Thursday, November 18, 2021

UIC's John Marshall Law School should lose its accreditation if it continues with this "witch hunt" against a faculty member

Professor Andy Koppelman (Northwestern) comments at CHE (do read the full account):

In January the University of Illinois at Chicago’s School of Law disgraced itself with its foolish persecution of Jason Kilborn, a professor who was accused of racism for asking students to address an ordinary hypothetical, of a kind they are likely to encounter in normal legal practice. That episode has now ballooned into calls for his firing, with an ill-informed Rev. Jesse Jackson leading protests against him. And the university, while it refuses to fire Kilborn, is continuing to punish him for things it knows he didn’t do.


The trouble started when, in a “Civil Procedure” exam, Kilborn asked whether a hypothetical company, sued for discrimination, must disclose evidence to the plaintiff. In the test’s scenario, a former employee told the company’s lawyer “that she quit her job at Employer after she attended a meeting in which other managers expressed their anger at Plaintiff, calling her a ‘n____’ and ‘b____’ (profane expressions for African Americans and women) and vowed to get rid of her.” The exam did not spell out those words, which appeared exactly as you just read them. (This was just one of the test’s 50 questions.)

Lawyers face such situations all the time. The question was entirely appropriate. One student, however, declared that, on seeing the sentence, she became “incredibly upset” and experienced “heart palpitations.” The Black Law Students Association demanded that Kilborn be stripped of his committee assignments, denounced him on social media, and filed a complaint with the university’s OAE (Office for Access and Equity)....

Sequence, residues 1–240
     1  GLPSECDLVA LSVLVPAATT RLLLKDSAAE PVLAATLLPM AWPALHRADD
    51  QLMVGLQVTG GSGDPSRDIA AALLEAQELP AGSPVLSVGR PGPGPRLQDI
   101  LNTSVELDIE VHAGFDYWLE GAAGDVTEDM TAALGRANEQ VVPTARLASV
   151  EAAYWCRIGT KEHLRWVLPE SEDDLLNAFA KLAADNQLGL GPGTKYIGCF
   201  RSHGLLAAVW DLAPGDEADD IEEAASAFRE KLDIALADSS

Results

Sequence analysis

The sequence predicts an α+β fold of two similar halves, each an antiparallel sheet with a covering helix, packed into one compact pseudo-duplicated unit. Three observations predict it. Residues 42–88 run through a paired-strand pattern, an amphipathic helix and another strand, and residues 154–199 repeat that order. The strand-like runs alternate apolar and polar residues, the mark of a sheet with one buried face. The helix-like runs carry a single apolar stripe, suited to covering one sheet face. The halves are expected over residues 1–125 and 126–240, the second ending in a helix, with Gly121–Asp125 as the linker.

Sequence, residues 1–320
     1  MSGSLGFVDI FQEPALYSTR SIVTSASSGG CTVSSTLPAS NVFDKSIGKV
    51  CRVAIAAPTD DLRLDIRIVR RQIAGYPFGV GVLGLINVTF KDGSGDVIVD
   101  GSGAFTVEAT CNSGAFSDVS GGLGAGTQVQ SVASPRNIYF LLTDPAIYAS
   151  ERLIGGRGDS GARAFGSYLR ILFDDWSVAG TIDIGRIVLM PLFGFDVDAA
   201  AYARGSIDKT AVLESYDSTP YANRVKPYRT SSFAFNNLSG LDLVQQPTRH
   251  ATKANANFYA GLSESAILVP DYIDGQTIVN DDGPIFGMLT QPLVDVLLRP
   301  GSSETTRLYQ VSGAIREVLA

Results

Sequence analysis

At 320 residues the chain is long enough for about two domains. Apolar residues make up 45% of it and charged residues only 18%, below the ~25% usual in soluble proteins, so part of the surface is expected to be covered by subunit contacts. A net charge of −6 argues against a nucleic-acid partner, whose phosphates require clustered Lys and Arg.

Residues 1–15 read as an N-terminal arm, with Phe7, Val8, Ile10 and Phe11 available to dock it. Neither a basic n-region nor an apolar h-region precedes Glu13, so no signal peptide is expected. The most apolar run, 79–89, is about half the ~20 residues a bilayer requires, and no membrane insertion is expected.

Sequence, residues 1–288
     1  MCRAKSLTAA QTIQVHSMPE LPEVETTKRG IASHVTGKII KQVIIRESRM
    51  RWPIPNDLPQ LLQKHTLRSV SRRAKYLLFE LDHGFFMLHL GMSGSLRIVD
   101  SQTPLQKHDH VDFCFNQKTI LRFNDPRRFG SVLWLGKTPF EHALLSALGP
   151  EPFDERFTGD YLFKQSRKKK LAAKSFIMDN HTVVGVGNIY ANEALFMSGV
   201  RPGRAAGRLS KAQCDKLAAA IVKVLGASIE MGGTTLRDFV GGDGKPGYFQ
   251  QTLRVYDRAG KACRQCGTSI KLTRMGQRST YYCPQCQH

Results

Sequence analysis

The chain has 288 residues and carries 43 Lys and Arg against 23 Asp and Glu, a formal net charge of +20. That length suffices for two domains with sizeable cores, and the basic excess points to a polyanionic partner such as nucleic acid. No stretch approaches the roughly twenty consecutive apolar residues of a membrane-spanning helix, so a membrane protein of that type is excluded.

On February 17 the OAE sent Kilborn a notice of “investigation into allegations of race-based discrimination and harassment.” Evidently someone had been collecting such allegations, because there were many new ones...[including] “referring to racial minorities as ‘cockroaches.’” Because the notice said nothing about when he was alleged to have said that, it was impossible to respond.


The “cockroaches” claim has since become the central grievance against Kilborn. It is provably false. The OAE’s previously confidential “Investigation Report,” newly released in response to an Illinois Freedom of Information Act request by The Chronicle’s Emma Pettit, shows that the OAE understood that the “cockroaches” allegation never had any substance — and that the report released to Kilborn and the complainant (which became public months ago) was misleading on that crucial point.


The OAE botched its investigation of Kilborn. It repeatedly cited as “harassment” conduct that no reasonable person could regard as harassment. It enumerated charges without offering evidence. And it essentially found that he had violated the school’s discrimination policy by protesting his own earlier mistreatment.

Something is very wrong at UIC and its John Marshall Law School.

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